Rendering of the institute. (Photo by Indiana Family and Social Services Administration
Governor Pence Announces new State-of-the-Art Neuro-Diagnostic Institute
Governor Mike Pence today unveiled the state’s plans to build a new state-of-the-art neuro-diagnostic institute that will provide major advancements to Indiana’s public mental health delivery system. The institute, scheduled to begin serving patients in 2018, will be a key component of the state’s initiative to improve Indiana’s network of state-operated mental health facilities.
“This new institute will serve as the centerpiece of our ongoing commitment to improve mental health care and address the scourge of addictions in Indiana,” said Governor Pence. “This new institute is another part of our strong commitment to improving health care in Indiana and to caring for our most vulnerable fellow citizens, including those living in poverty, with disabilities and impaired from psychiatric illnesses, brain diseases and addictions.”
This new 159-bed institute is projected to have the capacity to treat 1,500 patients each year. With the establishment of the new institute, which will be located on the campus of Community East Hospital in Indianapolis and operated in partnership with Community Health Network, Indiana will be better equipped to deliver expert neuro-diagnostic evaluations and treatment for patients upon their arrival and move them more efficiently and effectively into the most appropriate treatment settings within the state’s mental health system.
“’Neuro’ is a word that pertains to the brain,” said Dr. John Wernert, Secretary of the Indiana Family and Social Services Administration (FSSA). “’Diagnostic’ reflects the techniques used in diagnosing illnesses.”
Dr. Wernert explained that the focus of this new institute would be on the precise diagnosis and assertive treatment of brain-based disorders, including:
• acute and chronic mental illness
• chronic addictions
• intellectual and developmental disabilities
• traumatic brain injury
• neuro-degenerative illnesses such as Alzheimer’s disease
Dr. Wernert said precise and comprehensive diagnosis drives more effective treatment and better outcomes for patients. He added the term “neuro-diagnostic” also encompasses the integration of medical care, which will be made possible by locating the institute at Community East Hospital.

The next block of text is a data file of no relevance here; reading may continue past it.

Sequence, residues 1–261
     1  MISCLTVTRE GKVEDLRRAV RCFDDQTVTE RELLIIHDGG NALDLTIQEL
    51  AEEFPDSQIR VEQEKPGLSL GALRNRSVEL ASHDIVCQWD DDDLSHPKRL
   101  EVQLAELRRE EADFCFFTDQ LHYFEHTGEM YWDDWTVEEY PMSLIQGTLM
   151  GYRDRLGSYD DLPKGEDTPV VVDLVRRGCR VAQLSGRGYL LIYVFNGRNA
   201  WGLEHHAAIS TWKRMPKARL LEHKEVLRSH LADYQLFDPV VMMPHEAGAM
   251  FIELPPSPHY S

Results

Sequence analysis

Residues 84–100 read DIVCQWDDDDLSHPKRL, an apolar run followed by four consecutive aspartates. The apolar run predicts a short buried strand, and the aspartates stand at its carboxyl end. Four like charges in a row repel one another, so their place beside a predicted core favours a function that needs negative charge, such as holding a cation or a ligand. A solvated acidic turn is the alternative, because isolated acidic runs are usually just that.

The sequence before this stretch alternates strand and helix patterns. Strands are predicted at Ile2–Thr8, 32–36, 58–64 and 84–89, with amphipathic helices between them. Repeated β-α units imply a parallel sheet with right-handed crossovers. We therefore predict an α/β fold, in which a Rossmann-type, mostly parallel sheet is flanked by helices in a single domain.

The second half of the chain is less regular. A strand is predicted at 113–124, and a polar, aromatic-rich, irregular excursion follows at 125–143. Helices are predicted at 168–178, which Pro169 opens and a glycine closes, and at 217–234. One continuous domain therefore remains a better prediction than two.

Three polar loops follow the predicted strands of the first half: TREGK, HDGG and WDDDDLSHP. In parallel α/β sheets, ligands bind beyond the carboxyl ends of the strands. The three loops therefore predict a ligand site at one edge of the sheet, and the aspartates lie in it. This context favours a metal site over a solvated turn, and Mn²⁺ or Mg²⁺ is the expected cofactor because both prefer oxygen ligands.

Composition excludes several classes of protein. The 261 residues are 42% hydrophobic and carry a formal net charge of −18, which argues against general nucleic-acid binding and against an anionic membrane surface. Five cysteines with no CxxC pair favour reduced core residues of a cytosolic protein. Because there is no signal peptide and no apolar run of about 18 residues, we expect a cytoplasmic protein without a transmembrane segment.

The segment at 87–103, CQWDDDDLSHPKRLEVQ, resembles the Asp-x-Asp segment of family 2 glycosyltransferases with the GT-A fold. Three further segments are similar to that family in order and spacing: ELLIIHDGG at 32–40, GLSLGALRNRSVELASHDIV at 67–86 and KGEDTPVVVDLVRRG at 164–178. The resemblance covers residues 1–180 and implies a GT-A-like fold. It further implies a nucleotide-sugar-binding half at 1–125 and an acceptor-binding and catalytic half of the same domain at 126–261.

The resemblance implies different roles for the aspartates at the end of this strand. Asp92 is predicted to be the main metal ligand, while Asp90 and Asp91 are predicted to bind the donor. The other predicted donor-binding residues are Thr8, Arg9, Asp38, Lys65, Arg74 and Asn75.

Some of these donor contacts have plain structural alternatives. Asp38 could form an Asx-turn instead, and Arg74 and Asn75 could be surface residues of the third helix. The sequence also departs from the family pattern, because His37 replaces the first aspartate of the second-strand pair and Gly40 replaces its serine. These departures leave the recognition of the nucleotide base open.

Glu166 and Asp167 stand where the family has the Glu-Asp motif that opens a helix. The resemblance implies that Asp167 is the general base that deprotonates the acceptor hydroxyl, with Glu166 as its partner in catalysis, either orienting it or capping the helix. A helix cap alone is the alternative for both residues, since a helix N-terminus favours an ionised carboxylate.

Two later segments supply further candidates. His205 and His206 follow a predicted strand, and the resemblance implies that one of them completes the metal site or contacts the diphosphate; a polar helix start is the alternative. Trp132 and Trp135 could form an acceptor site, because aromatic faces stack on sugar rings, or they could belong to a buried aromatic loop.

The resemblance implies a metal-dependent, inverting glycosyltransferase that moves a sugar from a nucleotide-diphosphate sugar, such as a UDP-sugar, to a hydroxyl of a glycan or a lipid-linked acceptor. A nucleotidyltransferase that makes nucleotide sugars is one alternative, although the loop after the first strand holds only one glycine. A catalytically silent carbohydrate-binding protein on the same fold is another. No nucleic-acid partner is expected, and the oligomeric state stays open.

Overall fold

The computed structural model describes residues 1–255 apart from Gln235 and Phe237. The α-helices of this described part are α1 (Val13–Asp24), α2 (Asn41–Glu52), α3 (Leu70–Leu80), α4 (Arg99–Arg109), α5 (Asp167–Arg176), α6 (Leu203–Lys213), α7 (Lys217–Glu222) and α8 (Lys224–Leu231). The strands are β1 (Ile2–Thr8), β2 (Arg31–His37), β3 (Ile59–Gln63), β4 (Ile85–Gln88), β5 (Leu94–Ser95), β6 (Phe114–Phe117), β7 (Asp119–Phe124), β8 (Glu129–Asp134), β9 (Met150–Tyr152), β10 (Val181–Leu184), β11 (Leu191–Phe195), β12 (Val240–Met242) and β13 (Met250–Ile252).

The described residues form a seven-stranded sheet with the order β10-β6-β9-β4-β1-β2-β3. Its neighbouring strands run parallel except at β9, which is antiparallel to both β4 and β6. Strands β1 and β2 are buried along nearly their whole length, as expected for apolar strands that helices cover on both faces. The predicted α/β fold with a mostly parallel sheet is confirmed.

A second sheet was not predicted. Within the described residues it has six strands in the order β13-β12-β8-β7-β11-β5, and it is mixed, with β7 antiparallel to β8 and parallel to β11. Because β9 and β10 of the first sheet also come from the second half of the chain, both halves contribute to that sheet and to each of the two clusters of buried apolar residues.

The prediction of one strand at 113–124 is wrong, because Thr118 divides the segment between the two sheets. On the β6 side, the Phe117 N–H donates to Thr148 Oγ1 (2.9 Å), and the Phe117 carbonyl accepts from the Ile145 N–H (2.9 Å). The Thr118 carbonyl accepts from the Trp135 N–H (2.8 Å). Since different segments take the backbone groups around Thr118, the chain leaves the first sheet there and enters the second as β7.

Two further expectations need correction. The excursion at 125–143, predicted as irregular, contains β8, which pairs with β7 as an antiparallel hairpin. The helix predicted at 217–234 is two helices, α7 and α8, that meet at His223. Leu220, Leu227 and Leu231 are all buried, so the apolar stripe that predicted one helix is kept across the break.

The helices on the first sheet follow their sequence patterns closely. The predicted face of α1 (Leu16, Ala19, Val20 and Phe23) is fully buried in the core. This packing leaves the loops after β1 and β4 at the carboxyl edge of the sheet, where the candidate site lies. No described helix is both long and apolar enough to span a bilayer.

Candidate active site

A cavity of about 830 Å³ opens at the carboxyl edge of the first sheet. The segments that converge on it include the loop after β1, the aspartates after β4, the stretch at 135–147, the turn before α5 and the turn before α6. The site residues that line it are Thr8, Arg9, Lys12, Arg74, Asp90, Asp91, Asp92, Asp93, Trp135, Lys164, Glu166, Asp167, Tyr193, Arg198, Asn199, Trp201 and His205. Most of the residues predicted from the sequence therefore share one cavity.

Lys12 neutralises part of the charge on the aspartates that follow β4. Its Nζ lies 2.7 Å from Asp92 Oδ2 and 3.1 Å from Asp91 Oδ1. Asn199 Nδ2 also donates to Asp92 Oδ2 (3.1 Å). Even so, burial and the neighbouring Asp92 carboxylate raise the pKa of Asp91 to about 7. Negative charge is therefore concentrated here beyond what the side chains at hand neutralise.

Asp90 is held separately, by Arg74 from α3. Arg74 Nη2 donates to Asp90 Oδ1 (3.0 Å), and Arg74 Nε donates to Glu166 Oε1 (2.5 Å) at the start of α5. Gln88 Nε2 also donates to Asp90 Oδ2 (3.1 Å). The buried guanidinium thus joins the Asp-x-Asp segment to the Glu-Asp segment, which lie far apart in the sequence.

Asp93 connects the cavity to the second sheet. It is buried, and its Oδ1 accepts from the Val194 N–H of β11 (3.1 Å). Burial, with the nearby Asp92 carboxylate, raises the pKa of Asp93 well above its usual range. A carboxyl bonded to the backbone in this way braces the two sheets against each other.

“As a practicing psychiatrist, I recognize that advances in brain research and clinical care of mental disorders have made it imperative that we strive to significantly move our public mental health delivery system forward,” said Dr. Wernert. “FSSA is engaged in an ongoing effort to integrate the state’s mental health facilities and other elements of the public mental health system into a comprehensive, integrated mental health network. This new, cutting-edge neuro-diagnostic treatment center will complement the development of the state-operated facility network and significantly improve the quality of care.”
Construction will begin on the institute in April of 2016 and it will open for patient admissions in late 2018. It will eventually replace one of the state’s six current facilities, Larue Carter Hospital in Indianapolis, which will be phased out of operation.
“As the largest provider of mental health services in Indiana, we know firsthand the desperate need that exists for these services,” said Bryan Mills, president and CEO of Community Health Network. “We are committed to training providers through our psychiatric residency program and we are honored to work with the state to provide cutting-edge services through the Indiana Neuro-Diagnostic Institute.”
This new facility represents a novel model of care for Indiana and will be a Center of Excellence and best practices, where modern genetic and imaging techniques will drive precise diagnosis and appropriate treatment regimens that maximize recovery and stable community placements.
Co-locating the institute with an acute care hospital and clinical partner will leverage the emergency services, specialty medical care and neuro-diagnostic techniques of the clinical partner, and provide needed integrated medical services currently unavailable to patients throughout the state system.
Additional information about the new Indiana Neuro-Diagnostic Institute, including a copy of a feasibility study, is available on FSSA’s website at http://www.in.gov/fssa/dmha/2935.htm.